Is JetBlue gearing up to enter the trans-Atlantic market? That's the speculation today, after the discount carrier ordered 30 additional Airbus A321 aircraft that can be configured with its premium Mint service, now being used on transcontinental flights.
The additional aircraft can also be configured with an extended-range option that would enable them to fly from the East Coast to Europe. Trans-Atlantic routes are already under increasing competitive pressure from Norwegian Air Shuttle, Canada's WestJet Airlines, and Iceland’s WOW Air.
JetBlue was stung last year when it lost the bidding for Virgin Airlines to Alaska Airlines. Virgin flies mostly cross-country routes in the U.S. and has acquired a reputation for upscale service but New York-based JetBlue has its eye on that market as well and has used Mint to skim off high-margin first-class fares from traditional carriers.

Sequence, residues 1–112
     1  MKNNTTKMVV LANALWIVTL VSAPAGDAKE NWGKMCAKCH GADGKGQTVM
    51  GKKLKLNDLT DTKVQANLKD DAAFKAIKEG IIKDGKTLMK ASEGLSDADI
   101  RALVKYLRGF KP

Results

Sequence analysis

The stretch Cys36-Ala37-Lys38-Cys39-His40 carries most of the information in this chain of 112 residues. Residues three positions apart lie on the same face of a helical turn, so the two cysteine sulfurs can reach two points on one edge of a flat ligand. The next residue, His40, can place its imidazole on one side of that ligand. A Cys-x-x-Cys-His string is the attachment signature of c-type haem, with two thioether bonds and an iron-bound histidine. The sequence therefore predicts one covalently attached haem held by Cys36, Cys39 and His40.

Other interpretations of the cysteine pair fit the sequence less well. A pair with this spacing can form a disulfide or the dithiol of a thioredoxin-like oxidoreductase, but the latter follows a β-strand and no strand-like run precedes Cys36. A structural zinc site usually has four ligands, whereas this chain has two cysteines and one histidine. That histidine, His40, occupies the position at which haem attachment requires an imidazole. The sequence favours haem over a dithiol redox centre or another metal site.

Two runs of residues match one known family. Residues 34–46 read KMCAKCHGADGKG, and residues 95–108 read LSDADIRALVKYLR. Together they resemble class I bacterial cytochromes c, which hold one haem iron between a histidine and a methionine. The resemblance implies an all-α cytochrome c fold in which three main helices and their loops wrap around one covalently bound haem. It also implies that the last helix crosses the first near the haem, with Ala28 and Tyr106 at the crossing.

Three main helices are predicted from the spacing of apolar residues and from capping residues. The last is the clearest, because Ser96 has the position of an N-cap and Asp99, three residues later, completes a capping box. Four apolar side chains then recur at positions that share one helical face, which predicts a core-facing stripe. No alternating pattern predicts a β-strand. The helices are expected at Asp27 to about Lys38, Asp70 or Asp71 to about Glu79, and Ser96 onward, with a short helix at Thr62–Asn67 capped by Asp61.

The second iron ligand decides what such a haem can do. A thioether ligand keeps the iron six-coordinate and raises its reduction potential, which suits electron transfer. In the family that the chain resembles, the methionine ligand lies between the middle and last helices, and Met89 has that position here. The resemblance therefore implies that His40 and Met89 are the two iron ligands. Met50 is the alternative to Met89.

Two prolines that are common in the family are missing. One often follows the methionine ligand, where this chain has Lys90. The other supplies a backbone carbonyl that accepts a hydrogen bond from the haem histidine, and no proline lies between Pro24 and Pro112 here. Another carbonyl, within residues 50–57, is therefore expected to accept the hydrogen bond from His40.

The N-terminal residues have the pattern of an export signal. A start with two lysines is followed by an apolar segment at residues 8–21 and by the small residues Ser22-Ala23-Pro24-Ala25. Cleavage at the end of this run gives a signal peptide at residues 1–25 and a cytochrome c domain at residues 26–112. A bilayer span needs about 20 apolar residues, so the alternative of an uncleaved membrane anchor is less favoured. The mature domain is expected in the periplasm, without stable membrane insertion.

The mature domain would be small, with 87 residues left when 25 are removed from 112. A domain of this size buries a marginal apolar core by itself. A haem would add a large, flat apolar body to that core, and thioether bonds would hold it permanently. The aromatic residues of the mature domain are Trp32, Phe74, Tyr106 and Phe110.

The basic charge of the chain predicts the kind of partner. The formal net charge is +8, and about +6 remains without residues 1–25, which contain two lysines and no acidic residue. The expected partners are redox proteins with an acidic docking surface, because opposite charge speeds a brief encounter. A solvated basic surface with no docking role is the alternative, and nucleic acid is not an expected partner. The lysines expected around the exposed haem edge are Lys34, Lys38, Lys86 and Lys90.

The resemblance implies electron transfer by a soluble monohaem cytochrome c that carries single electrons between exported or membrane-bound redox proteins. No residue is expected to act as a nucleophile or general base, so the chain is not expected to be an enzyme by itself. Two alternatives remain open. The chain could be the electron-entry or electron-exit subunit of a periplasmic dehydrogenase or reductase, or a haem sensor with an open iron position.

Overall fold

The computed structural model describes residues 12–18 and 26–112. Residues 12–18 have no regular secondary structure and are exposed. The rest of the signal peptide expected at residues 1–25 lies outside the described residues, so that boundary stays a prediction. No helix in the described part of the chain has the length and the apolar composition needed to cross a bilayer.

“Mint has surpassed our expectations on every customer and financial measure,” said Robin Hayes, president and CEO, JetBlue. “Mint won over customers in a big way and has transformed the performance of our transcontinental franchise. We have only scratched the surface on what Mint can do to disrupt the valuable coast-to-coast market.”
With lie-flat seats, upgraded meals and other amenities, JetBlue says Mint has "made premium travel more accessible and opened a new market untapped by other carriers."
In a news release, JetBlue makes clear it intends to expand Mint service beyond the NY-LA/SF routes.
"Transcontinental markets outside of